Don't expect Congress to step up and help with inflation

Don't expect Congress to step up and help with inflation
Storm clouds hang over Capitol Hill in Washington.J. Scott Applewhite/AP
  • Congress is increasingly unlikely to help the Fed in its fight against inflation.
  • Democrats have proposed ideas for taxes that could curb price hikes, but the measures lack ample support.

Americans' wallets are still hurting from skyrocketing prices, but there probably won't be much relief from a Congress holding its breath through midterms.

Inflation has been on Americans' minds — and eating away their wages and budgets — for the last year. It's got them feeling increasingly dour about the economy, even as the labor market continues to boom.

There are a few ways that lawmakers can tame high prices, but it's mostly been left up to the Federal Reserve.

The Federal Reserve is doing its part in cooling the price surge. The central bank raised interest rates by another 0.75 percentage points on September 21, extending its fastest hiking cycle since the 1980s. Such increases lift borrowing costs throughout the economy, making everything from mortgages to credit-card debt more expensive. Projections published alongside the September rate decision signal additional larger-than-usual hikes will arrive before the end of the year, and that the Fed will keep at it through 2023 to curb demand and ease inflation.

Rate hikes are what some call a blunt instrument, warning that the fallout means job losses and income hits for America's most vulnerable workers. That's because as interest rates rise, it becomes more expensive for companies to invest in anything, so they tend to cut costs in the form of reducing payroll. Fed officials' own economic projections see the unemployment rate climbing to 4.4% next year and staying there through 2024. Should the estimate prove correct, that will mean another 1.5 million Americans will lose their jobs in the coming years, a hit that the Fed is treating as unavoidable.


But right now that's the only immediate action that lawmakers seem willing to take.

That's because a hyper-divided Congress with a razor-thin Democratic majority is unlikely to take up anything to directly pare down costs. Some senators have tried: Sens. Bernie Sanders and Ed Markey, along with New York Rep. Jamaal Bowman, proposed legislation that would put a 95% tax on companies' beefed-up profits during inflation. Similarly, Rep. Ro Khanna and Sen. Sheldon Whitehouse have proposed imposing a windfall profits tax on oil and gas companies — and use that money to send out quarterly checks.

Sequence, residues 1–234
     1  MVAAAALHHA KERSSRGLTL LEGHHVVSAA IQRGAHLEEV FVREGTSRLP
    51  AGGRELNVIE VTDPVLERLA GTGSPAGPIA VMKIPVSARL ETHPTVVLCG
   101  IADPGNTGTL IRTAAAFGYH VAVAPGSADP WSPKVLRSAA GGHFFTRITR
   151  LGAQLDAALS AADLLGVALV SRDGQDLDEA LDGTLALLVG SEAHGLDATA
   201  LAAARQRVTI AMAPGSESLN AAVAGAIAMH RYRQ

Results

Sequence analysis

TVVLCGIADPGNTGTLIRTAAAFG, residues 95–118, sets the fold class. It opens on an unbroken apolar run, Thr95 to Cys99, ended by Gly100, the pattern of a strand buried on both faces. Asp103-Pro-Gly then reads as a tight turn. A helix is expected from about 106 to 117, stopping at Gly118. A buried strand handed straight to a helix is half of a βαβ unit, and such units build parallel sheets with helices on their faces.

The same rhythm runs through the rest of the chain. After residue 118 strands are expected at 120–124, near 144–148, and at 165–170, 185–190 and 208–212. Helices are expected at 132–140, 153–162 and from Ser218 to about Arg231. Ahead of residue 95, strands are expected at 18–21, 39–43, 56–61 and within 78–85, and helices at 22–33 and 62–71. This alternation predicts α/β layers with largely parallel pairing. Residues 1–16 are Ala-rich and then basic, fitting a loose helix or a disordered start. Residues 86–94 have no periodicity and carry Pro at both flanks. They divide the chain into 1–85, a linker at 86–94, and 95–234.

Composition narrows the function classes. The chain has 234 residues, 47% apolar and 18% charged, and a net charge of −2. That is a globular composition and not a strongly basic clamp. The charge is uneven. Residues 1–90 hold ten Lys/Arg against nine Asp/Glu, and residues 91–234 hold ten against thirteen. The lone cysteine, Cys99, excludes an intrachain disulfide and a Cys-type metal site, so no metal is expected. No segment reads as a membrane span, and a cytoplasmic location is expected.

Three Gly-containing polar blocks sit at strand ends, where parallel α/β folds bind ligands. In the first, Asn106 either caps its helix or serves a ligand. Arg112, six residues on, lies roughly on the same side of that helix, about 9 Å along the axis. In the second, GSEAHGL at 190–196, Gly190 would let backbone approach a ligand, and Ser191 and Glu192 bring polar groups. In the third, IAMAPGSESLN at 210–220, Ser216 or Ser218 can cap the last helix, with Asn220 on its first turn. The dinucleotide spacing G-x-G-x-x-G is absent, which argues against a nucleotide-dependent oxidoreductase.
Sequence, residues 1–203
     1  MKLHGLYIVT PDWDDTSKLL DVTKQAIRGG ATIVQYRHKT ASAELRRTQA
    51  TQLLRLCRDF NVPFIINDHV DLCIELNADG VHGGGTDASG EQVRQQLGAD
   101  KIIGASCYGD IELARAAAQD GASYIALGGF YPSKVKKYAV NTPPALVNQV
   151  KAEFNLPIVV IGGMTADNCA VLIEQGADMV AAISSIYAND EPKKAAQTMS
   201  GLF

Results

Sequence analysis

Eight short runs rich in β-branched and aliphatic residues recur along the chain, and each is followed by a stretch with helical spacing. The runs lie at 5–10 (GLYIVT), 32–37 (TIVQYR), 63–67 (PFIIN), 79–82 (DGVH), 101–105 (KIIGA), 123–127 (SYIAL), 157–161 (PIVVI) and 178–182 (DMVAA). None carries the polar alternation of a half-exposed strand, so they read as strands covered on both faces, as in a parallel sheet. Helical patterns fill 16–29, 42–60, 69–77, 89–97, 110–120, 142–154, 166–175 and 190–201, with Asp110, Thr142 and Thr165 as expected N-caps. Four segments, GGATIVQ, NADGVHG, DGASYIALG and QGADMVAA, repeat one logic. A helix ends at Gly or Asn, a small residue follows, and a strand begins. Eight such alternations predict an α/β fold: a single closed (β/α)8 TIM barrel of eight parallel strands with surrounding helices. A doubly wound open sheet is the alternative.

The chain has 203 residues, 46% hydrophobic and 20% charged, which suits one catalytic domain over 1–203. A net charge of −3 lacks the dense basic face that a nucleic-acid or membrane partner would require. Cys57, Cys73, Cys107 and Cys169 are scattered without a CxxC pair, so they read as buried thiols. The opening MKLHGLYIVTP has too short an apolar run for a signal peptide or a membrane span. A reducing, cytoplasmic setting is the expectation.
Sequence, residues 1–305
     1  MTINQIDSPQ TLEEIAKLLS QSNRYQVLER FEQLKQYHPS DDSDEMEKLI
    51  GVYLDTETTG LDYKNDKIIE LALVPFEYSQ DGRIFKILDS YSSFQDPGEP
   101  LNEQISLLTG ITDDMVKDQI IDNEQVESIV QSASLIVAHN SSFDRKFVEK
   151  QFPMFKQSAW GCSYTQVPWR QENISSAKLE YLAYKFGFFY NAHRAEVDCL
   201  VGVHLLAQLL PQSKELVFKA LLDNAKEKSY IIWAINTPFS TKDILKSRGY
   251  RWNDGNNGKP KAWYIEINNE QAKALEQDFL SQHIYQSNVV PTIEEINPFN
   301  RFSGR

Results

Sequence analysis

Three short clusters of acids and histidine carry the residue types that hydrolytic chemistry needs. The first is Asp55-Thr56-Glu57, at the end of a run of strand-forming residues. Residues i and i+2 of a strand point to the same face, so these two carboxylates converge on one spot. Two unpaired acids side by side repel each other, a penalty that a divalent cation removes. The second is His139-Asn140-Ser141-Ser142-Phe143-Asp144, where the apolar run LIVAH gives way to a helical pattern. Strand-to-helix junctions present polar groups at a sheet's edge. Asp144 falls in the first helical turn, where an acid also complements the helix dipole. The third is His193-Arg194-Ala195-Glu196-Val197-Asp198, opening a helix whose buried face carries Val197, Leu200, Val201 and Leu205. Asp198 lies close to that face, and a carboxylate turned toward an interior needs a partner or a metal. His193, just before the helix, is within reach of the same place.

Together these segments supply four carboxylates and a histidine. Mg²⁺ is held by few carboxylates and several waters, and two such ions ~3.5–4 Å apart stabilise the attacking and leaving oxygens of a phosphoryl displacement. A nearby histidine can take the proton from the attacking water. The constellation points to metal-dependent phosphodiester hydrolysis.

American companies posted record profits in 2021, even as consumers struggled to keep up with prices shooting up from inflation. Corporate pretax profits surged 25% year over year to $2.81 trillion, the Bureau of Economic Analysis said in March. According to the Federal Reserve Bank of St. Louis, that's the largest annual increase since 1976. And oil and gas companies are posting their best profits ever. Executives are seeing a healthy cut of that, with the median salaries for top CEOs up by $20 million last year.

That duo of potential boon-targeting taxes isn't a new concept. President Richard Nixon backed a similar windfall profits tax in the 1970s.

But passing any sort of new tax hike is risky business right now. Sen. Kyrsten Sinema, a key centrist Democrat, repeatedly torpedoed any attempts to pass tax hikes on the wealthy and corporations to offset the costs of spending on things like paid leave and affordable childcare. Even in the Inflation Reduction Act — which passed through the simple majority reconciliation process, and is expected to bring down some prices in a few years — Sinema nixed proposals to close up loopholes for wealthy investors.


Yet lawmakers face the same pitfalls that the Fed does: curbing Americans' demand could pull the entire economy into a tailspin. Consumer spending counts for roughly two-thirds of all economic activity, and shopping has already been cooling off since the spring. A tax hike that aims to slow Americans' spending spree could help bring supply in line with demand, but it also ups the chances of a self-induced recession.

And the clock is ticking for Congress to take any action on inflation. Republicans are expected to wrest control of the House after the midterm elections in November. That would effectively kill any attempt from Democrats to pass a tax hike or other inflation-killing policies, as such measures tend to be highly partisan.

The odds of a sudden bipartisan effort to counter surging prices aren't zero, but as elections loom and the economic outlook worsens, the chance of any cooperation is fading fast.